Trying to get out of housing agreement

<p>I'm currently attending SFSU and I'm stuck in a pretty awful dorm. There's a really terrible smell throughout the dorm itself, and I'm stuck sharing a room with a difficult roommate. He doesn't talk to our other dormmates (or me if he unless he needs to) and I can count the nights I've gotten a good night's rest on one hand. His alarm goes off repeatedly in the morning, he'll turn the lights on at night, and one night he woke up shrieking from a night terror. I want out, so I tried bringing this up with the housing department as grounds to leave university housing and they denied me (my lease is until the end of this semester). I've written to every possible party, had face to face meetings with my RA's boss, and the best they can do for me is a possible transfer to another dorm.
My sleep is pretty important to me, as I can start to feel my focus slipping. My next move will be to get a doctor's note regarding my sleep issues from the campus doctor. My question is: Does anyone think this will work? If it won't, what else can it do?</p>

<p>first take them up on their offer to move you to another dorm and manybe this would be the time to ask for a single room, if at all possible? then if the sleep issues in your new room continue, because of noise created by other students, take it up the ladder to the dean of students.</p>

<p>Have you tried talking this out with your roommate directly? Obviously he can't control the night terrors, but is the alarm going off because he keeps hitting "snooze" or because he's not setting it right? What about setting up a little lamp by the door that he can turn on in place of the main light? Is the smell from the laundry, garbage, or sink, or do you think it's something serious such as mold or rotting wood? </p>

<p>I'm afraid the housing arrangement is probably very similar to having a regular apartment lease, and if you don't want to lose money you can't wiggle out of it unless there is a serious, legitimate reason (such as mold or something else causing that smell in your apartment). I don't think the sleep problem will get you out of it unless you can prove serious distress. I would suggest having a good conversation with your roommate first - plan out what you want to say in advance, and do NOT let the conversation stray. Do not corner him and blame him, just tell him you would like to discusses some agreements since you are roommates to make sure both of your experiences are positive (or word it in your own way, but don't point fingers and make him feel like he's a problem or he might ignore you, walk out, or argue with you).</p>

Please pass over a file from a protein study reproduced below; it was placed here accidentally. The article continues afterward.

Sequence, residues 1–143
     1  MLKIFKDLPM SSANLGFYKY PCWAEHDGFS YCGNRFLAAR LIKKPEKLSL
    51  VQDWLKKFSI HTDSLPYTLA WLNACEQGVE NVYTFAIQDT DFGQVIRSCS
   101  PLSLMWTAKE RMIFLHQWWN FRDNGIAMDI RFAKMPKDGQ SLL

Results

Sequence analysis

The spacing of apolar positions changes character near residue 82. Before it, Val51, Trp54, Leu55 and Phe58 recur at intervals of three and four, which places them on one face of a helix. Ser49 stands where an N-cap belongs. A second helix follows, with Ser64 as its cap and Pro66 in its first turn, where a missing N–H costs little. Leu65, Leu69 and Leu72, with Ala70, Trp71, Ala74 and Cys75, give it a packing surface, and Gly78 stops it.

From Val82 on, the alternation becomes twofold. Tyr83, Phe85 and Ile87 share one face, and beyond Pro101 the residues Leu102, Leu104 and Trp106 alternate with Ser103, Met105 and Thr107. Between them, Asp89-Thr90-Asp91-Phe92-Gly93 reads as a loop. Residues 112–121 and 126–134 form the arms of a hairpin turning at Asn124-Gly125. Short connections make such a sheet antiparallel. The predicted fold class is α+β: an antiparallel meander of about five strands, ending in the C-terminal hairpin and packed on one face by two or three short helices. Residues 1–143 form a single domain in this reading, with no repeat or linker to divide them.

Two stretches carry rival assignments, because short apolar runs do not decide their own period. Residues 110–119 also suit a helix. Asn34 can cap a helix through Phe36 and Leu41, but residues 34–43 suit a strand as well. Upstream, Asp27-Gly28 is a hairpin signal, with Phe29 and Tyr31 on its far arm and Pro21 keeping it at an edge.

<p>Thanks Novalynnx, I'll try those suggestions. I had spoken to him for each individual instance, but I'll try to have a formal talk. I was worried I would end up making the issue into a blame game, so I'll try to avoid that and use your advice. As for the smell I really don't know what it is, but I'll bring it up with housing first chance I get.</p>

<p>How does he react when you try to talk to him? Does he say he'll change? Shrug it off? Get defensive? </p>

<p>For some reason I was thinking that your housing agreement was for an apartment suite, not a traditional dorm room, but I think my advice still applies. If he doesn't respond well to the talk, then try to push harder for a room change or look for ways around his behavior (some kind of room divider/curtain to block light at night, ear plugs to avoid the alarm if you're able to sleep in, etc.). If it's your whole floor/building that has a smell to it, then it would be much harder to pinpoint the root problem than if it was just your room, but I would still inquire about it.</p>